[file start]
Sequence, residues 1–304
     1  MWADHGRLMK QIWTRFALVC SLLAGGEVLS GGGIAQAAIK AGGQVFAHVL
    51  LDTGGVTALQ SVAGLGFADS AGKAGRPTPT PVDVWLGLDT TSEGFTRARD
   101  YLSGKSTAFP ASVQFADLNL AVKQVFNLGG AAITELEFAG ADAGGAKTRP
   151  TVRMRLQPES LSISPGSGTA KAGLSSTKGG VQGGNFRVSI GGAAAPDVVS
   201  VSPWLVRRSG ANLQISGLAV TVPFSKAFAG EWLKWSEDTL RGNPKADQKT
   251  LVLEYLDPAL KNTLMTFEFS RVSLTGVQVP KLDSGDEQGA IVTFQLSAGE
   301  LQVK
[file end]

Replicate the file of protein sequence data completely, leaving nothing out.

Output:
Sequence, residues 1–304
     1  MWADHGRLMK QIWTRFALVC SLLAGGEVLS GGGIAQAAIK AGGQVFAHVL
    51  LDTGGVTALQ SVAGLGFADS AGKAGRPTPT PVDVWLGLDT TSEGFTRARD
   101  YLSGKSTAFP ASVQFADLNL AVKQVFNLGG AAITELEFAG ADAGGAKTRP
   151  TVRMRLQPES LSISPGSGTA KAGLSSTKGG VQGGNFRVSI GGAAAPDVVS
   201  VSPWLVRRSG ANLQISGLAV TVPFSKAFAG EWLKWSEDTL RGNPKADQKT
   251  LVLEYLDPAL KNTLMTFEFS RVSLTGVQVP KLDSGDEQGA IVTFQLSAGE
   301  LQVK